Edited by DrmDoc

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From your link and comments, it's my understanding that you perceive intelligence as a derivative of social interaction and that innovations evolve from those social experiences where information is passed from generation to generation or people to people. Therefore, as I understand, you favor the social hypothesis as likely the impetus for hominid encephalization. Indeed, innovations can and do arise from a sharing of information through social networks; however, innovations do not arise and become widespread without some need and someone with the intelligences to recognize and devise a tool or strategy to address that need. Innovations, in my opinion, are inventions of need that become more refined through social networking. Arising from need, the innovations of early hominids were likely first compelled by the evolving demands of their survival needs and conditions and were then further refined through their social interactions. Without the needs and demands of their survival, early hominids did not require the intelligence to create and innovate--which certainly favors a climate or environment related hypothesis. When assessing the comparative intelligence of early hominids, the comparative sophistication of their inventions and innovations is in my view is a reliable reflection of their intelligence distinction and the survival needs they addressed.

 

Bold mine.

 

I believe the social hypothesis is the strongest of the two, in the early education of our own children we concentrate heavily on communication development which leads their demonstration of creativity by a appreciable degree of time.

 

I agree with you for the most part. It takes intelligence to innovate but it only requires sociality for it to spread and our archaeological record shows that it progresses in the pattern expected if it was mostly influenced by cultural learning. While I agree the invention of tool sets is more than likely caused by adapting for specific climates I have already stated I do not think tool set presence nor complexity is necessarily equated with intelligence, as my prior link had suggested. I believe sociality is the best explanation for our cultural, artistic and symbolic abilities. Problem solving is more or a less a side effect, and Isn't actually our mental strong suit.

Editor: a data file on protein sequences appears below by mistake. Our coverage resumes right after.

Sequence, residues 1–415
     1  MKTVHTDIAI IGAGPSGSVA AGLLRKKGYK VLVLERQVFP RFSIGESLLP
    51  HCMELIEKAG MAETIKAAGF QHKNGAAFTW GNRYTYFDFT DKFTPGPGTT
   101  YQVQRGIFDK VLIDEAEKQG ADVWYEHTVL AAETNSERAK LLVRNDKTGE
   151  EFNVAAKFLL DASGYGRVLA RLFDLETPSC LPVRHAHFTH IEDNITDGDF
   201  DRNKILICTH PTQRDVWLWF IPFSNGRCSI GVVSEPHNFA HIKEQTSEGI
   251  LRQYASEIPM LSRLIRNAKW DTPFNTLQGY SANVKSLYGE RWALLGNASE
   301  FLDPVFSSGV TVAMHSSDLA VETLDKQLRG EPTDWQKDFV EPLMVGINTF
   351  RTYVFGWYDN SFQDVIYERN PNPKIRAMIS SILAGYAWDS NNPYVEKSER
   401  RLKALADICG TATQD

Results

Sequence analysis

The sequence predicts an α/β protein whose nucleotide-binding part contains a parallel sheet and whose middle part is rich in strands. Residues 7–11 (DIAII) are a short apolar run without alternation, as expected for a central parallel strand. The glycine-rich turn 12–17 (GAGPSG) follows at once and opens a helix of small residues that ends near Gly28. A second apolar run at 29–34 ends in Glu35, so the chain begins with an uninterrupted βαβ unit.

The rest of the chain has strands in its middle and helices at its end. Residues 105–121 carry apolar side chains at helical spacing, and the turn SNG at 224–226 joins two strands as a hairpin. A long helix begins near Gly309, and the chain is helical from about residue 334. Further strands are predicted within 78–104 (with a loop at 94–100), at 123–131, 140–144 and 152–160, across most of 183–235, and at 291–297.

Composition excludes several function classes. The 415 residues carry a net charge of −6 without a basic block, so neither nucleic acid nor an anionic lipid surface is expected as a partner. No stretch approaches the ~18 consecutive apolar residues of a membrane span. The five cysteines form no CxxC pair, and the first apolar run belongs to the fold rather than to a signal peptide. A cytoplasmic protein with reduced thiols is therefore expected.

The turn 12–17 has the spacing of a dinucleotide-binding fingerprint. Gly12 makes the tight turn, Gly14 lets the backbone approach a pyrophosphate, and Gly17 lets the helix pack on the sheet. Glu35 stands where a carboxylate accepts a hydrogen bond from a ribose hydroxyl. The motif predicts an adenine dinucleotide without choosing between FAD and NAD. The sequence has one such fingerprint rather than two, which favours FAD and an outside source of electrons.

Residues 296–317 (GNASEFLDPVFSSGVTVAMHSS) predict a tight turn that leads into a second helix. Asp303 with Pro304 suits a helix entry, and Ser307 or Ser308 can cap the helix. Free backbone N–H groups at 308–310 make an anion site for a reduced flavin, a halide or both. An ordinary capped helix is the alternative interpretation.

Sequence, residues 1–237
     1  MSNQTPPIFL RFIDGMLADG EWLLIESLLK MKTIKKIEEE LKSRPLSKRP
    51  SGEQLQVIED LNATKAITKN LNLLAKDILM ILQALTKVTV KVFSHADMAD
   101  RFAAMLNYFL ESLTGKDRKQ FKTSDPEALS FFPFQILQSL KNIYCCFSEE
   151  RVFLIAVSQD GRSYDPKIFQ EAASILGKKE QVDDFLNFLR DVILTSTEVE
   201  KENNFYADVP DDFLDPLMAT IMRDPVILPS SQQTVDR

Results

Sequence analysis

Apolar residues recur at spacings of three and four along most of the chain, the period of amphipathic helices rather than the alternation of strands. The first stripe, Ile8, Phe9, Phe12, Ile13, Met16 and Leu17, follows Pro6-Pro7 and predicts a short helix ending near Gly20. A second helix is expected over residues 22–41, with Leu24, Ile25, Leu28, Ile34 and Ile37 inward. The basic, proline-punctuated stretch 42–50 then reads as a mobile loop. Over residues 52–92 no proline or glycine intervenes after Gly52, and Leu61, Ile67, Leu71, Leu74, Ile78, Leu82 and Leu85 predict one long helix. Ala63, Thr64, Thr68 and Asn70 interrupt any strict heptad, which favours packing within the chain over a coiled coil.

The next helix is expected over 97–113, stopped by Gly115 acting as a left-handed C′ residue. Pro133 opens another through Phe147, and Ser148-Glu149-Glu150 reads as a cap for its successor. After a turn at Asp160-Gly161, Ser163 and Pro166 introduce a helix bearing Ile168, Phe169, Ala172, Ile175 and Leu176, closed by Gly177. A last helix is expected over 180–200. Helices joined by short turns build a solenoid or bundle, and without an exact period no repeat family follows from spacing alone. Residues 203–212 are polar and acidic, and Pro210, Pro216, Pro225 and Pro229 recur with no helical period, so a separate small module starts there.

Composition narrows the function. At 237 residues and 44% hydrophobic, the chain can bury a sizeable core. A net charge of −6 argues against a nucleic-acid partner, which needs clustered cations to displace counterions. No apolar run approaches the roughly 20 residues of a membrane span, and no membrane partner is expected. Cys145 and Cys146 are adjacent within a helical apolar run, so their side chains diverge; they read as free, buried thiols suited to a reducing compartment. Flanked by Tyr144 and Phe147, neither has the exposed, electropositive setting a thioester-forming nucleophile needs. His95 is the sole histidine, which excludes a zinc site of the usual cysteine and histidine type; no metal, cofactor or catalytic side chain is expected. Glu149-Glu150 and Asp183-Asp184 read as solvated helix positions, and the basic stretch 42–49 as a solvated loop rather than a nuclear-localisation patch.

I believe the mental development of our early ancestors was the result of a informational feedback cycle of learning. This all began within a singular cultural group that quickly advanced through language and story telling. I described it several times before in other similar discussions on this forum. The creativity seen by the development of tools is a byproduct of the development and expansion of our early ancestor's brain capacity for abstract thought, an ability developed through imagining stories told within the group.

I think the first human language, more than just those single proto words sounded when gesturing while hunting for example, but the first constructs of language began when our very early ancestors became aware of time, the first understanding of the concept of yesterday, today and tomorrow.

I have debated whether a past/present/future awareness would have been in place prior or would it have developed in tandem with language as simply a tool they constructed to communicate more clearly. It would seem to be a natural development in language, to refer to for example, what happened on a hunt, and then extend those "stories" out over time. And with these early humans, that knowledge of past/present/future makes way for experiences of regret and hope that could develop into primitive religion and then into philosophy.

This to me is possibly the driver of our brain evolution. Those who could communicate and imagine the images in stories and use that information could understand the world around them better and improve their chances to survive. This could be the engine that would progress brain development quickly.

I could see it being almost inevitable that once the concept of the past is understandable, a hunter injured for example, would contemplate that traumatic moment and feel the regret of the mistake. He would possibly reexamine the events leading up to the accident searching for a answer to his regret. These experiences would lead to either fear or hope for tomorrow depending on the severity of his wounds and his knowledge of the fate of others with similar injuries.